All it takes is one character to spell the difference between ordering a delicious plate of 羊排 (yáng pái) and being served a steaming hot 羊头 (yáng tóu).  

So, before you confidently select a dish based on seeing a hànzì you recognise, take note of these character combos that could easily catch you out:

  • 鸡爪 (jī zhuǎ) – chicken feet
  • 鸡头 (jī tóu) – chicken head 
  • 兔头 (tùtóu) – rabbit head
  • 猪蹄 (zhū tí) – pig’s trotters
  • 鸭脖 (yā bó) – duck neck 
  • 牛舌 (niúshé) – ox tongue 

Weird Chinese Food | Insects

No Chinese food market would be complete without a selection of cremated critters. 

You’ll find them all over China, but most famously at Wangfujing snack street in Beijing.

If you’re into BBQ’d bugs, you can’t miss it.  

But you won’t only find edible insects on street food stalls… 

Thanks to their nutritional benefits, they also feature on the menus of many high-end restaurants, where they’re made into delicious-looking dishes that look nothing like you’d expect.

So, unless you’re keen to try a silkworm, cicada or scorpion, keep an eye out for these characters, and don’t let the images fool you! 

  • 蝉蛹 (chán yǒng) – cicadas 
  • 蚕蛹 (cányǒng) – silkworms 
  • 蝎子 (xiēzi) – scorpion
  • 蝗虫 (huángchóng) – grasshoppers 
  • 蟋蟀 (xīshuài) – crickets

QUICKFIRE LESSON | Notice something similar about these Chinese characters? They all feature the same radical.

That radical is 虫. Can you spot it?

TOP TIP | Radicals are a great way to recognise the meanings of Chinese Hanzi you don’t know.

In this instance, you can make a fair guess, if you see the 虫 radical appear in a word, let’s take 蜘蛛 as an example, you can be fairly sure it is related to insects in some way, shape or form.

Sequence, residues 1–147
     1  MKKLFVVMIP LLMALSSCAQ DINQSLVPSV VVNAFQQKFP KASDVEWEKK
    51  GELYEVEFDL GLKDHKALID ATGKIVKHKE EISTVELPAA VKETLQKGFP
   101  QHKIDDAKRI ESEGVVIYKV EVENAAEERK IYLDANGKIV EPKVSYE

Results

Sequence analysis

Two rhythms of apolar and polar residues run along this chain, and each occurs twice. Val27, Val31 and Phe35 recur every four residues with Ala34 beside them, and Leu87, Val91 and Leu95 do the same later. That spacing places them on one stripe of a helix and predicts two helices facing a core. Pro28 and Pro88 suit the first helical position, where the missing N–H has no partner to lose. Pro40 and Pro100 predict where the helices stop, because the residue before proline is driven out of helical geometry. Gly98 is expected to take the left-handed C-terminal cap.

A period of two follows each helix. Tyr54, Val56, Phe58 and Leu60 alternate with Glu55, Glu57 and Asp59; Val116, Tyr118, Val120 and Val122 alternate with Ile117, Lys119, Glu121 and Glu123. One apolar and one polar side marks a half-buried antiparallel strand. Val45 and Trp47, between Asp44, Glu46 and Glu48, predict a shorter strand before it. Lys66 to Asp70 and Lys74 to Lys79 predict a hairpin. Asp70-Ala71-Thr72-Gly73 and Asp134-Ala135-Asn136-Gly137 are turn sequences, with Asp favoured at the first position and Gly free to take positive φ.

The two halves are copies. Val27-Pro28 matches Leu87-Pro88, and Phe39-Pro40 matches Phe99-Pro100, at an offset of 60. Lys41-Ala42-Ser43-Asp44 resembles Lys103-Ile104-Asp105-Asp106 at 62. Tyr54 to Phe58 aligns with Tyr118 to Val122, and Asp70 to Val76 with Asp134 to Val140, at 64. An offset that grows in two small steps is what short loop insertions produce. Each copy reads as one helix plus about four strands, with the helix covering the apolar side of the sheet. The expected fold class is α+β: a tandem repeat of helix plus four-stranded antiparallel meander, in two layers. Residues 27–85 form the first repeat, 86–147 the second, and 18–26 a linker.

蜘蛛 by the way means spider.

BONUS | To learn more about radicals check out our guide to all 214 Chinese radicals here.

The Miscellaneous Menu of Weird Chinese Food

You’re probably feeling pretty smug right now if you’re a vegetarian.

You wouldn’t touch any of these dishes anyway, so nothing can catch you out… can it?

Don’t speak too soon! 

Not all of China’s most bizarre dishes are meat-based. There are plenty of veggie-friendly snacks on offer, too.  

While you’re more likely to come across these snacks on street food stalls than at restaurants, it’s good to store them in your dictionary of food terms because you never know when you might need them. 

臭豆腐 (chòu dòufu) | Stinky Tofu 

As the name suggests, you’ll smell stinky tofu long before you see it. 

A staple at Chinese food markets, this fermented tofu snack exudes an odour that can only be compared to garbage, feet or – in the most extreme cases – rotten meat. 

Stinky tofu looks just as unappealing as it smells.

The fermentation and cooking processes turn the tofu a dark shade of brown or – if from the delicacy’s famed hometown, Changsha – charred black. 

Up for trying it? Check out this video first to see

SPOILER | If you don’t particularly like seeing people spit things out or wretch, maybe you’d be best not watching!

皮蛋 (pí dàn) | Century Egg 

Another foul-smelling, odd-looking snack, 皮蛋 is a duck egg that’s been preserved in a mixture of salt, lime and ash. 

Weird Chinese Food

This alkaline fermentation process changes the PH levels of the egg, turning the white a translucent black and the yolk a dark green. 

Rest assured, though it might smell like it, 皮蛋 isn’t actually 100 years old. 

BONUS | Want to discover more about the Century Egg (we know you do deep down), we’ve of course got an article for that!